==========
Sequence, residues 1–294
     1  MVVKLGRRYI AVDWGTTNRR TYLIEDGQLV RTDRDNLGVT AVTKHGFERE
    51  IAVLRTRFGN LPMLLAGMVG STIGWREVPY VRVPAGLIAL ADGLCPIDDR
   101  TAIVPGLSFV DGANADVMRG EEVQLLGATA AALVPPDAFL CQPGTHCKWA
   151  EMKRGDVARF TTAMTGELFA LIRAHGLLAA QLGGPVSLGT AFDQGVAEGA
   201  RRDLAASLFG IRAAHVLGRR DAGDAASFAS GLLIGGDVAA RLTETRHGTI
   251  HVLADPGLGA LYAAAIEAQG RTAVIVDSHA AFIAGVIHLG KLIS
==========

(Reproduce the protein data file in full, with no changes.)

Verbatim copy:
Sequence, residues 1–294
     1  MVVKLGRRYI AVDWGTTNRR TYLIEDGQLV RTDRDNLGVT AVTKHGFERE
    51  IAVLRTRFGN LPMLLAGMVG STIGWREVPY VRVPAGLIAL ADGLCPIDDR
   101  TAIVPGLSFV DGANADVMRG EEVQLLGATA AALVPPDAFL CQPGTHCKWA
   151  EMKRGDVARF TTAMTGELFA LIRAHGLLAA QLGGPVSLGT AFDQGVAEGA
   201  RRDLAASLFG IRAAHVLGRR DAGDAASFAS GLLIGGDVAA RLTETRHGTI
   251  HVLADPGLGA LYAAAIEAQG RTAVIVDSHA AFIAGVIHLG KLIS